Originally created 08/27/99

Eagles want better ending



STATESBORO, Ga. -- Nobody will be more ready to step onto the Paulson Stadium turf Sept. 4 than senior defensive lineman Voncellies Allen.

After graduating from Coffee High in the spring of 1995, Allen entertained offers from several small colleges before picking Georgia Southern.

Allen said he believed the Eagles had the best chance of winning a national championship last season, when they strung together 14 straight victories to get to the Division I-AA title game. The Eagles self-destructed with six turnovers and an inept defense that couldn't stop Massachusetts, falling 55-43 to dampen one of the best seasons in school history.

There were a lot of unanswered questions that cold, December afternoon in Chattanooga, Tenn. How could a team that averaged fewer than two turnovers per game turn over the ball seven times in the most important game of the season? And how could a defense that allowed just two running backs all season to rush for more than 100 yards give up 244 yards and three touchdowns to Massachusetts running back Marcel Shipp?

"I can't explain it," said sophomore free safety Arkee Thompson, who led Southern in tackles last season with 152. "I guess it just wasn't meant to be. So we're here again, taking the same steps we took last year to hopefully get back there."

The Eagles had just 15 fumbles entering the national championship game, but they amassed almost half that total against UMass. All-American quarterback Greg Hill took that game personally.

"The thing that we're told to do by the coaches is to take care of the ball, and it's a quarterback-fullback offense," Hill said. "Those are the positions that happened to turn the ball over. I put a lot of the blame and the pressure on myself.

"But then again, when I look at things, we put points on the board and were still scoring touchdowns. I realize it was a team game and I didn't lose the game myself and nobody else did. It took a long time for all that to sink in; I guess it took maybe up to spring practice."

Hill will get a chance to redeem himself, again engineering possibly the most explosive offense in Division I-AA. Last year, the Eagles ranked second nationally in total offense (492.6 yards per game), second in rushing offense (378.7) and second in scoring offense (42.5 points per game).

Most of the offense, including freshman sensation Adrian Peterson, who rushed for 1,936 yards last season, is back. Peterson will be joined by returning slotbacks Bennie Cunningham and former Lincoln County standout Cherard Freeman in the backfield.

The offensive line will be anchored by a pair of All-Americans in Mark Williams and Rich McGrath.

However, the defense will sport a new look when the Eagles meet Fayetteville State in its opener. Gone is the old 4-3 look; in is a more multiple defensive scheme, something the Eagles will adjust from week to week depending on the type of offense the opponent utilizes. That's good news to a unit that ranked 37th nationally in total defense last year.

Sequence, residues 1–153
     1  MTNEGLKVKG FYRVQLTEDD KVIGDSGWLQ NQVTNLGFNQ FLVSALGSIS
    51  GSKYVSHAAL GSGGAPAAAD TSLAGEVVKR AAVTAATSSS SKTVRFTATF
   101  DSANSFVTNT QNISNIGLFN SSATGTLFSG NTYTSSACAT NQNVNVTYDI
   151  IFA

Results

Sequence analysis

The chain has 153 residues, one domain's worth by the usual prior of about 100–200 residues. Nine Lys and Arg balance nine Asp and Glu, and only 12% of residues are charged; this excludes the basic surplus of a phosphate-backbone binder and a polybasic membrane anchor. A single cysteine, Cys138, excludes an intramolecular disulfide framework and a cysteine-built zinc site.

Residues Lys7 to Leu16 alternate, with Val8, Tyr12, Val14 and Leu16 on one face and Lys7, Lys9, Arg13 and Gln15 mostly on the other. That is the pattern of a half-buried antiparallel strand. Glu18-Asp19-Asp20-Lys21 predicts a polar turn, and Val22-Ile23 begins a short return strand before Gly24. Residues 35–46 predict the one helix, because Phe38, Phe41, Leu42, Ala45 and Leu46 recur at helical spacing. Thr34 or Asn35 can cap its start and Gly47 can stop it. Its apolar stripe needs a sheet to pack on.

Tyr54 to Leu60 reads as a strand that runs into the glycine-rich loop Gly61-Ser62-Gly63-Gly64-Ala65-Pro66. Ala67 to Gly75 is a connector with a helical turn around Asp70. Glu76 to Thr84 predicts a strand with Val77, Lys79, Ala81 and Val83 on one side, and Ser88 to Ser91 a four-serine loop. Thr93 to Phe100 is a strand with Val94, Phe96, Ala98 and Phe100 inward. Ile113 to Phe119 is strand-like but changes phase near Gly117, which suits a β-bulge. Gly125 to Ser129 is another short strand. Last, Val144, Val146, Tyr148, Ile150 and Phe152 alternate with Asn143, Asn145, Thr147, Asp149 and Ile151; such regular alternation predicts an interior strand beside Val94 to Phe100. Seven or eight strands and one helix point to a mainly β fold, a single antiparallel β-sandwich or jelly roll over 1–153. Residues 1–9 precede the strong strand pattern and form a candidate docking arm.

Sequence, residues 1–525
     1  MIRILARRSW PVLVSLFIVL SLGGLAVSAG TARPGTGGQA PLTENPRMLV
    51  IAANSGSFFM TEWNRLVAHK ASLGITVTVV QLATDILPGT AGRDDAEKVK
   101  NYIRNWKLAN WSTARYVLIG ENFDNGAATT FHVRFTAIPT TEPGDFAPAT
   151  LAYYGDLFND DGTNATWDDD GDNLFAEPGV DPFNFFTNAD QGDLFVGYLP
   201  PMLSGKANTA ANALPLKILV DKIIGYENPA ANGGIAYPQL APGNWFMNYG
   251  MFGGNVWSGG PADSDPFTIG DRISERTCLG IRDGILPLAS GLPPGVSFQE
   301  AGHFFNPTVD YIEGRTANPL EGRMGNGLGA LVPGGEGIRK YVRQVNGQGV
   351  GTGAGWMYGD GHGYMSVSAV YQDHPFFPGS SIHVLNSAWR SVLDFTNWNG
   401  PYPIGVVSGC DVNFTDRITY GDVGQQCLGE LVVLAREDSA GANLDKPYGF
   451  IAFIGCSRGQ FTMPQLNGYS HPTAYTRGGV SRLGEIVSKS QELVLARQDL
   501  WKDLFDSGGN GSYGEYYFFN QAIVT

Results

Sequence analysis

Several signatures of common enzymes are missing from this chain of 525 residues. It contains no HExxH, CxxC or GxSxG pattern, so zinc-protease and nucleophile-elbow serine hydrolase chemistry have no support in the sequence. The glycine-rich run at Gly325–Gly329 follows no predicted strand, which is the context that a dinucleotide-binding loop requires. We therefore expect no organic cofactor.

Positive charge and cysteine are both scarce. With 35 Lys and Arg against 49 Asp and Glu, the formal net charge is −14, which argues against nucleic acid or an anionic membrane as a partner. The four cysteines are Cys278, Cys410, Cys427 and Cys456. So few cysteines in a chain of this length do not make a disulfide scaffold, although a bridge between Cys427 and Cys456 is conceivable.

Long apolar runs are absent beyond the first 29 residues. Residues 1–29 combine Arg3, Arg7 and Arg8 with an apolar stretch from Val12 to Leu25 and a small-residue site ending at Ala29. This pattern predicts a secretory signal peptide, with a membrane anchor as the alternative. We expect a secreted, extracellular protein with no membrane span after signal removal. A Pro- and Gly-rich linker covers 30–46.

"The new scheme will help us get a better look at what other teams do," said former Burke County standout Michael Youngblood, a sophomore expected to contend for the starting job at inside linebacker."It's going to be something new and something to challenge the defense even more."

That's music to the ears of die-hard Southern fans, who constantly criticized the Eagle defense last year for giving up the big play. But with six starters returning, including three in a secondary that ranked eighth in pass defense (182.7 yards allowed passing per game) in the Southern Conference last year, the revamped defense may be the backbone of the team.

"I think they will (be the backbone of our team)," Hill said. "I think those guys have a heckuva lot of talent in the secondary, and a lot of the guys up front that can run and are very quick. I thing good things are going to happen over there (on the defense)."

Despite the team's second consecutive Southern Conference title and a 24-4 record over the past two seasons, Allen says the team has a long way to go before he's totally satisfied.

"Nobody is ever totally satisfied, even if we'd went 15-0, we'd still found something wrong," he said. "I felt many times we could have played better defensively. We bent a lot in the red zone, but I believe that if we get better in the red zone and give up less points maybe, I think our offense is tops in the country and nobody will stop us.

"We (defense) just have to hold up our end of the bargain."

Georgia Southern

Georgia Southern radio affiliates:

Augusta, WKIM-AM 1230

Greensboro, WDDK-FM 103.9

Louisville, WPEH-FM 92.1

Sandersville, WJFL-FM 101.9

Statesboro, WMCD-FM 100.1

Swainsboro, WJAT-AM 800

Sylvania, WSYL-AM 1490, WZBX-FM 106.5

Thomson, WTHO-FM 101.7

The Paul Johnson Show can be seen on Thursdays at 7:30 p.m., on WBEK-TV (Ch. 67).

Local players at Georgia Southern

Michael Anderson,

Evans

Bubba Brantley,

Washington County

Jarrod Bray,

Swainsboro

Travis Burkett,

South Aiken

Cherard Freeman,

Lincoln County

Nick Kearns,

Westside

Basail Mack,

Josey

Derrick Owens,

Washington County

Lavar Rainey,

Richmond Academy

Greg Rossidivito,

Washington County

Darryl Rountree,

Richmond Academy

Adam Wilcher,

Thomson

Brian Young,

Washington County

Michael Youngblood,

Burke County